A Canadian teenager from Fort McMurray, Alberta has won a major scientific competition for an electrifying YouTube video in which she brilliantly simplifies the complicated concept of quantum tunnelling.
Maryam Tsegaye, a 17-year-old student from École McTavish Public High School, took home top prize at the sixth annual Breakthrough Junior Challenge for the explainer, in which she engagingly delves into quantum mechanics, likening the behaviour of electrons to how her brother cheats at video games.
Quantum tunnelling refers to the quantum mechanical phenomenon whereby electrons can 'tunnel' through barriers that they theoretically wouldn't be able to cross from the perspective of classical physics.
To Maryam's mind, her brother using a cheat code in a video game – enabling his character to pass through in-game walls – is basically the same kind of thing.
So begins her hilarious and informative explainer, which uses animations and quick, clever edits to break down and visualise this often challenging topic.
Believe us, it's three minutes of joyous science communication you'll want to watch more than once:
For taking out the top prize – which was judged by Sal Khan, the founder of Khan Academy, and former NASA astronaut Scott Kelly, among other experts – Maryam will receive a US$250,000 college scholarship. Additionally, her science teacher will be awarded US$50,000, and her school will receive a new science laboratory worth US$100,000.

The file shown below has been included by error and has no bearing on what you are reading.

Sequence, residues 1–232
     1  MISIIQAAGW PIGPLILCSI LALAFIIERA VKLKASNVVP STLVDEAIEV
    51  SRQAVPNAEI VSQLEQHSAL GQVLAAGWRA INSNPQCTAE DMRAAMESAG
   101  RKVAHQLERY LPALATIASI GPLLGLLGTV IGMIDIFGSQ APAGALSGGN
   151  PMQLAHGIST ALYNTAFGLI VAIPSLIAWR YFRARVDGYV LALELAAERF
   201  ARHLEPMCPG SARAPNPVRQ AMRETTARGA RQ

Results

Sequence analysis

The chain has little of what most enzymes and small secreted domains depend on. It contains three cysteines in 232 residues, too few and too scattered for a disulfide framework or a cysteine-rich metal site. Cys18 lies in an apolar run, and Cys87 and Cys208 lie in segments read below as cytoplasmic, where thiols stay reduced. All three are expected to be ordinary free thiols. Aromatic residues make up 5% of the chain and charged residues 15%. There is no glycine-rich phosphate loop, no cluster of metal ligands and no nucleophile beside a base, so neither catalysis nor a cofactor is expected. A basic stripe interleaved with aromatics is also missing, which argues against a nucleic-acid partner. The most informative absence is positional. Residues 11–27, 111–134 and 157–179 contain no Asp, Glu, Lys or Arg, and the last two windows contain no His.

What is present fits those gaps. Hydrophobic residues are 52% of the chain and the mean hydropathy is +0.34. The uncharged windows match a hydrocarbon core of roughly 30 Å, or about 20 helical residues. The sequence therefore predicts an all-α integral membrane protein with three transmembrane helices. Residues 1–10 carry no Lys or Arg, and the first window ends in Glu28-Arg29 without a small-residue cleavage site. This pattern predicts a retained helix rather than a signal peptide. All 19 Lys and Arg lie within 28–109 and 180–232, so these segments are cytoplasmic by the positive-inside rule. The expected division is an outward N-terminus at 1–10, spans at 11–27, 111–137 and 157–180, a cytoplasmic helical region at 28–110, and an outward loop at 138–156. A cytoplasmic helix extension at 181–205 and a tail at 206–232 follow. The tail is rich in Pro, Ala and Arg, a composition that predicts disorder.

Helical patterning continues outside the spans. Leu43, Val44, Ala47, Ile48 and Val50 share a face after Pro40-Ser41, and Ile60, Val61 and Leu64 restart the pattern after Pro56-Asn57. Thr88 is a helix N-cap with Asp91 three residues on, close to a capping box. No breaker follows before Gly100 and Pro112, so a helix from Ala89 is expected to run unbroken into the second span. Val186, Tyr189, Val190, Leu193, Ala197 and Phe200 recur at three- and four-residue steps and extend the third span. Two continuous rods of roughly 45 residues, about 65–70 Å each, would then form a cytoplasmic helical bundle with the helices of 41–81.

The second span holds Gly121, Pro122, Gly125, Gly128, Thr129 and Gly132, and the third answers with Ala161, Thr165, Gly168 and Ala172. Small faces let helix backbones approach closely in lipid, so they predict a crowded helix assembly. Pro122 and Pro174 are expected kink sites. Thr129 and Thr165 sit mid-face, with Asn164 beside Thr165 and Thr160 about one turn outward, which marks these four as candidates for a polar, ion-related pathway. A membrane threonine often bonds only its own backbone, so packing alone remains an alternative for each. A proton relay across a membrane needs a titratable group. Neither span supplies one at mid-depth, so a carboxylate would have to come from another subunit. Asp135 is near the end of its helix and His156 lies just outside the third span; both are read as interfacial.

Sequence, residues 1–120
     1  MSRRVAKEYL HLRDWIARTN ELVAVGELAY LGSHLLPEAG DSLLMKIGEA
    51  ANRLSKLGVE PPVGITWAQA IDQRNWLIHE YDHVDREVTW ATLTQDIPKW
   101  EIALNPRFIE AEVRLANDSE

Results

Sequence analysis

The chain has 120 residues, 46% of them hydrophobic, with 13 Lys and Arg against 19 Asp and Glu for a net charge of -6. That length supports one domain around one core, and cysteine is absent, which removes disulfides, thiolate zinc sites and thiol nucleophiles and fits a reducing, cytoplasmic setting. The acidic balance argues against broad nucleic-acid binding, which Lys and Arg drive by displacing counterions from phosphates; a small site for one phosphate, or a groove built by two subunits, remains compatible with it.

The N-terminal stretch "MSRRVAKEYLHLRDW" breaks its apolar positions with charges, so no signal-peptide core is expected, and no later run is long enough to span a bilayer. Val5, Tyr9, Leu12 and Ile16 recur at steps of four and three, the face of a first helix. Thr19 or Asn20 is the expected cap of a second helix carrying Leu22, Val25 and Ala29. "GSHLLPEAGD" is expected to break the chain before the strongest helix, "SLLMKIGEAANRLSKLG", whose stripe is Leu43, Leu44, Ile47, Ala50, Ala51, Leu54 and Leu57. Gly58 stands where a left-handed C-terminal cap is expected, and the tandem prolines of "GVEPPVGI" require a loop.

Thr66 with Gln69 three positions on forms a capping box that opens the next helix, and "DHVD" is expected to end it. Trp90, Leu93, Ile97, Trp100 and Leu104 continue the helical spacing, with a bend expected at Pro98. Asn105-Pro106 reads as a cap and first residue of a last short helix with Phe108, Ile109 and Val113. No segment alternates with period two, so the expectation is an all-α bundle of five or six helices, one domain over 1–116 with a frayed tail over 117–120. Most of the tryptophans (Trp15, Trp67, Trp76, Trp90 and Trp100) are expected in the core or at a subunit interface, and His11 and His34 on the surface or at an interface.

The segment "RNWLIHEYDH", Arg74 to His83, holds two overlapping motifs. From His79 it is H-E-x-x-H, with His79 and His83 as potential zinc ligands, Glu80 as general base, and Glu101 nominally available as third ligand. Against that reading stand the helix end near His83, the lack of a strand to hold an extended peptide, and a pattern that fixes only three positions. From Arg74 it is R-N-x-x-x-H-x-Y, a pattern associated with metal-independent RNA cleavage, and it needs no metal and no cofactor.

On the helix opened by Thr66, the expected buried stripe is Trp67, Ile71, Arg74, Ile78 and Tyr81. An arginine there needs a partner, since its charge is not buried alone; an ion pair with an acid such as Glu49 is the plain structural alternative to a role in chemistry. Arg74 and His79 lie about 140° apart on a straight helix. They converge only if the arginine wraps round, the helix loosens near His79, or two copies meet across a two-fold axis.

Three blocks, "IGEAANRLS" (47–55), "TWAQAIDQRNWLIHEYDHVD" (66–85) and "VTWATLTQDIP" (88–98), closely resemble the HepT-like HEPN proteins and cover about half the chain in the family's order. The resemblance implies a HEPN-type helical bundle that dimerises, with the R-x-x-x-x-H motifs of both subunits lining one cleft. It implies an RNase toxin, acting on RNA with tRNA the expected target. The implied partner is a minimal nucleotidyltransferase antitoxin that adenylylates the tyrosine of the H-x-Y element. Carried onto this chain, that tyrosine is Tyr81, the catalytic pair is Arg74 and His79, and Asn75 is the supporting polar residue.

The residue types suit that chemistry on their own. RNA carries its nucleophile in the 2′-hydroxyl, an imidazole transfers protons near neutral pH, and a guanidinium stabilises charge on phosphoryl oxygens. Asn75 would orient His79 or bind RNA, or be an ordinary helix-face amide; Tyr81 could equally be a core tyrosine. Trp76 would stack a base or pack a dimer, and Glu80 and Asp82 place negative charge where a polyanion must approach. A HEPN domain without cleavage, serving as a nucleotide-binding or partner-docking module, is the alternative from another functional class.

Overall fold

"Congratulations to Maryam, who truly shines as an exemplary science communicator," said Julia Milner, co-founder of the Breakthrough Junior Challenge.
"Maryam created a unique, one-of-a-kind video that explained a complicated scientific theory using relatable terms and humour – an impressive feat."
This year's competition saw entries from more than 5,600 students aged 13 to 18, spread across 124 countries.
This giant field was narrowed down to 30 semifinalists in September, whose videos reached more than 2 million people.
In the end, Maryam's quirky quantum explainer won the day, for its seemingly effortless way of communicating challenging subject matter in a fun and easy way.
"Maryam's video is a prime example of how to cleverly simplify a complex idea, and she provided a remarkable explanation of quantum tunnelling," Kelly said.
"Congratulations to Maryam, her teacher, her school, and all the students who will benefit from the new lab."
For her part, Maryam, who credits the unusual quietness of this year's schooling-at-home conditions for giving her the time to make an entry, says she is humbled to win, and never expected it, having only entered for the sake of the challenge, and the fun of it.
Her original topic was going to be entropy, until she switched to quantum tunnelling after becoming intrigued by the concept, she explained to her local paper.
"It means a lot to be out here right now," she told The Globe and Mail. "I did not see a figure in science who looked like me or made me feel represented until I watched Hidden Figures in Grade 8 or Grade 9."
In its own way, her inspiring success neatly ties in to the tongue-in-cheek coda of her prize-winning video.
"Maybe the quantum world is telling us that, when faced with an obstacle, there's a small chance we can defy expectations and breach barriers," she says.